The best way to get postal discounts is to automate your mailings and apply barcodes. The question is does it make sense to do this on your own or by using a third party presort service. We are not going to discuss the technical details behind bar-codes, but the business reasons of where and when it makes sense. I have the authority to write this article because I am the self-proclaimed “King of Barcoding”. I am responsible for over 5,000 companies barcoding their mailing during my 20 years in this industry. I managed major accounts in Boston, grew the only national presort service offering to over 4,000 customers and was in charge of sales for all barcoding equipment for the largest provider. With this title comes responsibility. That is to teach you how to save the most money with the simplest processes that can be set up for your business.
Barcoding your Mailings in Your Office:
First off we need some basic housekeeping. Here are the minimum requirements to barcode your mailings on your own:
- Pieces – At least 500 pieces for First-Class Mail® or 200 pieces for Standard Mail®.
- Software – Need software that meets all USPS certifications.
- Permits – Need to have at least one permit from the USPS
- Preparation – All mailings must have barcodes on each piece, be sorted, placed in trays with tags and reports need to be brought with the mail to the USPS for processing (or submitted electronically).
Here is a link to the USPS Quick Service Guides which is an easy way to get the requirements for your mailings. http://pe.usps.com/text/qsg300/q000.htm
- It saves you postage! This is the main reason most companies barcode their mailings. (See the chart above) As the pieces get larger, the savings can increase dramatically. Many customers doing mailings without any discounts will also try to apply for Standard Mail® rates. Standard Mail® is designed for newsletter or a solicitation where every piece is the same and the customer can live with a slightly slower delivery. Things like invoices, statements and checks have to go First-Class Mail® because every piece is slightly different or has personal information.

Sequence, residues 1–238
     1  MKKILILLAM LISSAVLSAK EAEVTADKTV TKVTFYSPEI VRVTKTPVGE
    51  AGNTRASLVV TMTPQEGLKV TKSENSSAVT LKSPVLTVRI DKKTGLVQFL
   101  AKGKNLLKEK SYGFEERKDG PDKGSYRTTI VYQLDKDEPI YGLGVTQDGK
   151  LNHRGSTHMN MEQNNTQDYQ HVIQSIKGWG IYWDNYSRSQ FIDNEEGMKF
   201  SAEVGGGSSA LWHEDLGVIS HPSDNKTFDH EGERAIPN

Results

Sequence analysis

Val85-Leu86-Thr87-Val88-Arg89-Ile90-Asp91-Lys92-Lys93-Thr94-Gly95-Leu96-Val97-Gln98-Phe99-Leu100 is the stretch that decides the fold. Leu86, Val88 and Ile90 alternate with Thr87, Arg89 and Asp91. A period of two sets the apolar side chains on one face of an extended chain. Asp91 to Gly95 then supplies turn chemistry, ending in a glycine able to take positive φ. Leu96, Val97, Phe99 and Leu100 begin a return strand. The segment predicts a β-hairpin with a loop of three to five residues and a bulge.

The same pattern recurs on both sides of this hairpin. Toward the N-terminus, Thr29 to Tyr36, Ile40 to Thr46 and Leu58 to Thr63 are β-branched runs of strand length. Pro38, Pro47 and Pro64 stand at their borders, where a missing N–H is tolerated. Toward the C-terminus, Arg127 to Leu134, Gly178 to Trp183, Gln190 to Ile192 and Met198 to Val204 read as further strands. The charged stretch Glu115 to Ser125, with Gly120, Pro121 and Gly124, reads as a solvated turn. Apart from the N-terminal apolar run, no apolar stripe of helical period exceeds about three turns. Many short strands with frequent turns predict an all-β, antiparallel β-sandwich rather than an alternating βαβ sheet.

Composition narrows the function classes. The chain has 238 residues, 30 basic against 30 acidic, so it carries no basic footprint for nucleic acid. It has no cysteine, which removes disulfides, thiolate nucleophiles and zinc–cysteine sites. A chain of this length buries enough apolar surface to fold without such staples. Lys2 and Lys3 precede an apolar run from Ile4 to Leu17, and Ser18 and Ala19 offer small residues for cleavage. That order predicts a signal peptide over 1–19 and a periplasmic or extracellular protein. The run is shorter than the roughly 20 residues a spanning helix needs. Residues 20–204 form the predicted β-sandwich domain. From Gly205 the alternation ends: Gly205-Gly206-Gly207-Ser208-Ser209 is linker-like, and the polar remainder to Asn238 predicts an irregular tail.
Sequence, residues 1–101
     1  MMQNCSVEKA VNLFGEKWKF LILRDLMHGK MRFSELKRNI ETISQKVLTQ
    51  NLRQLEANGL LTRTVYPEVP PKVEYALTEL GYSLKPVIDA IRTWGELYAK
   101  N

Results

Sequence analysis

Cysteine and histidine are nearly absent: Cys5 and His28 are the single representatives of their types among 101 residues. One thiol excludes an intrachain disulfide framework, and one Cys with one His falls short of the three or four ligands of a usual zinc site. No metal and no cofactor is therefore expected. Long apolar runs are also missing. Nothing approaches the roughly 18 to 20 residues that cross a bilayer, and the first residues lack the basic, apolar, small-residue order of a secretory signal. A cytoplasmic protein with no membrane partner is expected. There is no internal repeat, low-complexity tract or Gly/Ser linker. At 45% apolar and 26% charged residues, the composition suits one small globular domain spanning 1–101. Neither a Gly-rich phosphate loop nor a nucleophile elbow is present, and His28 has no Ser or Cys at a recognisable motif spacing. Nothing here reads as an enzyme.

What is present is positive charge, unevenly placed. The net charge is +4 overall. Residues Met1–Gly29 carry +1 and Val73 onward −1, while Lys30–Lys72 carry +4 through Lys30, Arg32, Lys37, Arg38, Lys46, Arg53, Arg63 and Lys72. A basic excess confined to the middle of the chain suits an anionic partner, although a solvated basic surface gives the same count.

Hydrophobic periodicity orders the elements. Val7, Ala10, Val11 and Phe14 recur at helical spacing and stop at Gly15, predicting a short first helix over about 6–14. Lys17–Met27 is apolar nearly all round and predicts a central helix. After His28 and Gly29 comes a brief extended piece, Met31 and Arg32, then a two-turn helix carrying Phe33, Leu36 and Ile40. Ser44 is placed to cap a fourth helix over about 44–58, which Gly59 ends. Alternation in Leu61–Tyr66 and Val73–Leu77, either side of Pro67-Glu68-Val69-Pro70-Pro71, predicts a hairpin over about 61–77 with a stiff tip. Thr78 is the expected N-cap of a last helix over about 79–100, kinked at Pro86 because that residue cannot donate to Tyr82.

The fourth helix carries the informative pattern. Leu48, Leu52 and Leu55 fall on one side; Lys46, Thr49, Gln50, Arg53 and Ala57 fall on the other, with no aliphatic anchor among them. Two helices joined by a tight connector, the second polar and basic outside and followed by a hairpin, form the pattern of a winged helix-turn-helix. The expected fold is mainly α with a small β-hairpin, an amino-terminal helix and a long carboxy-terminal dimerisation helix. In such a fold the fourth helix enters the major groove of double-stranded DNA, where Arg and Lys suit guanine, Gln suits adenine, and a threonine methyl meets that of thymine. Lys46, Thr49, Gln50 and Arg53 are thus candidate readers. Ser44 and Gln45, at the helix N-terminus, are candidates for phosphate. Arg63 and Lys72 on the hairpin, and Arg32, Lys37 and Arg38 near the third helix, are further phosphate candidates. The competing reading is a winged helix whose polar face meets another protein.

- Cleaner Addresses: In order to qualify for discounts, your mail list must be compared to the national address list held by the USPS. Every barcode software provider will be able to comply with these rules with CASS and DPV certifications. All this means is that inside the software they have every deliverable address and can check that yours matches this master list. Common mistakes are fixed automatically and exception lists are produced. Updates are typically provided every 1-3 months to make sure the addresses are up to date.